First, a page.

Who Qualifies for Help
Though I believe the qualifications vary from chapter to chapter, there are some general guidelines. I’ll let my husband speak to this area.

Cheers / moi

I worked for HfH twice, once in Hartford, CT for two months and again in Kingston, NY, also for two months. The Habitats were wildly different – Hartford had a HUGE volunteer base and constructed several homes a year. Kingston had five retired men who completed maybe one house a year.

Habitat does not “give away” homes – they sell houses to families for only what it cost to build the house, such as materials and supplies. They do not charge on labor, which is why Habitat enables people to become homeowners who otherwise would never be able to afford a house. Habitat usually purchases lots on which to build the houses, but sometimes they’re given the land as gifts or donated by the city. They employ almost all volunteer labor (there’s only a few employees, such as electricians) which is why the families can buy the homes so cheaply. Also, each family is required to put in a required number of hours helping construct not only their own house, but also other Habitat houses.

Habitat prides itself on building simple but decent housing, and each affiliate has plans for houses specifically designed for each area. Exactly how large the house is depends on the size of the family – the largest house I ever worked on had five bedrooms, for a family of ten (2 parents, 8 children). Each family has to meet certain requirements before Habitat will break ground on a house. You have to have good credit, attend classes on homeownership, and show that your current residence is unsafe or inadequete. Both Habitats had far more applicants than they could possibly build for – Kingston built 1 house a year, and every year received 100 applicants.

In Hartford we were so swamped with volunteers they were turning them away every day. There’s only so many people who can work on a house at the same time, much less enough tools for everyone. Kingston had honestly ZERO volunteer base, no one, zilch, nada, except for the five retirees and an Americorps team.

Habitat is a Christian-based organization, but they don’t discriminate on either volunteers or families based on religion. In Hartford they held group prayer before starting work, while in Kingston there was no religious element at all.

Oh, forgot to mention my interactions with the future homeowners. In Hartford, we worked on probably seven houses at different times. All the homeowners I met were single moms (one had been a juvenile delinquent on that “Scared Straight” program – she was one of my favorites). Most were Jamaican immigrants. In Kingston we only worked with one family, a grandmother raising her 2 grandkids.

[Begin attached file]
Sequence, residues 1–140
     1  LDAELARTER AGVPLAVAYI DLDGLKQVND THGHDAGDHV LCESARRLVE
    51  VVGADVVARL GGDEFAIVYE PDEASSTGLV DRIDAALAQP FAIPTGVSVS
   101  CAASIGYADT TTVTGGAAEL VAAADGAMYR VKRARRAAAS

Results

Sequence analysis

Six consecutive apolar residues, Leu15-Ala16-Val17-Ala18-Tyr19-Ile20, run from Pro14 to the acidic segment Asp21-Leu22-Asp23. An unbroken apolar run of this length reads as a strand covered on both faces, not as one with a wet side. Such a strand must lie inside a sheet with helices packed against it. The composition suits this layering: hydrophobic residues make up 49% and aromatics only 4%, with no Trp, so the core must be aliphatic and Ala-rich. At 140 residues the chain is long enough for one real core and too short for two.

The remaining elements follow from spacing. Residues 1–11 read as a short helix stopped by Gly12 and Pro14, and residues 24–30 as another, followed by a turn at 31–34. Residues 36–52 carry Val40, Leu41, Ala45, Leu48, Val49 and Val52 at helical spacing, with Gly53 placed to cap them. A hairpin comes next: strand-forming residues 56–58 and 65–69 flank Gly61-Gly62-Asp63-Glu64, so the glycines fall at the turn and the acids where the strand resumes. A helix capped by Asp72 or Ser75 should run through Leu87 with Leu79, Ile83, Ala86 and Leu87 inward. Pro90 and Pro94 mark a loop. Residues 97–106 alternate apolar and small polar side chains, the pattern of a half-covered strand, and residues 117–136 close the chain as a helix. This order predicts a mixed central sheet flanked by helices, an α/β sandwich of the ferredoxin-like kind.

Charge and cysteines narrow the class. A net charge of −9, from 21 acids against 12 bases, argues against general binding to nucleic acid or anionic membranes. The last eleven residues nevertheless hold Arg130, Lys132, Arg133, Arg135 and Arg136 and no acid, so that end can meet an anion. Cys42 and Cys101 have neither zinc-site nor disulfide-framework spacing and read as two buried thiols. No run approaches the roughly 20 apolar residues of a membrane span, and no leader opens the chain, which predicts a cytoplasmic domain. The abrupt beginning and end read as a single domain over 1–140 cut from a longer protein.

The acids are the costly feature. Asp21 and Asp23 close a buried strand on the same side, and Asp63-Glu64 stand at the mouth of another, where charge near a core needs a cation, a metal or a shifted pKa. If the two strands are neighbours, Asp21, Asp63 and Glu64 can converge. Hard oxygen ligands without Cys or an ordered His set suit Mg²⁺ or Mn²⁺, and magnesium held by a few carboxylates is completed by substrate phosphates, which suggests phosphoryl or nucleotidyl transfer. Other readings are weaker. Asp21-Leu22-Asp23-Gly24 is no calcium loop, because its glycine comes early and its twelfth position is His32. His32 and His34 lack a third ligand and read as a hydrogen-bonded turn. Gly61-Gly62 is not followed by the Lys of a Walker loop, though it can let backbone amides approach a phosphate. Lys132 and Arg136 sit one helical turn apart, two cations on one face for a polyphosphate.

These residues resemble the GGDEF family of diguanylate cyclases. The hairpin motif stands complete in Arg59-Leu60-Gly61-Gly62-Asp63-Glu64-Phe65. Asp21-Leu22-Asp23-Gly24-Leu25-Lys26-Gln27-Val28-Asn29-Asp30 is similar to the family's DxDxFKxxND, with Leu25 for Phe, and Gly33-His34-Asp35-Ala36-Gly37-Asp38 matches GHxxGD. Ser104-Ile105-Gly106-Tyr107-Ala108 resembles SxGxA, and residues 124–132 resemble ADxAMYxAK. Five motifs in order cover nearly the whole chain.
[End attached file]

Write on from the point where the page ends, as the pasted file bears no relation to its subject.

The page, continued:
Btw: Nebraska HfH

HFH Construction Manager here,

The posters above have already hit most of the high points, but if you have specific questions, I’ll be happy to answer them. As to my personal experience with HFH, I started as a volunteer, became an Americorps memeber (a great program in it’s own right, btw) and was hired as staff upon completion of my hours. It;s easily the most rewarding thing I’ve ever done with my life. Although the hours are long and the pay is low, I really beleive in our mission and love working with volunteers.

Here in Baltimore, we do 100% rehab of brick row house,s, which makes us fairly unique. Most affiliates build 2-3 bedroom ranch style houses in new developments. Their greatest challenge is often aquiring land. (Likewise, our great challenge is purchasing homes to rehab)

A typical day for a volunteer at our affiliate goes something like this:

8:00 arrive at volunteer center and sign in
8:30 orientation and safety talk, then depart for site
8:45 arrive at site, additional safety information, begin work
11;45 pack up for lunch
12:00 - 1:00 lunch at volunteer center
1:15 arrive back at site, continue work
3:30 begin clean up for day
4:00 depart site

Our volunteers assist in every phase, including demolition, framing, insulation, drywall, paint, trim, ext work, ect. We have a volunteer HVAC contractor who donates labor to install our heating, and we occaisnally get electric, plumbing and roofing services donated. We also have volunteer architects, computer support, office workers and so on.

Hope that answers some of your questions.

tdc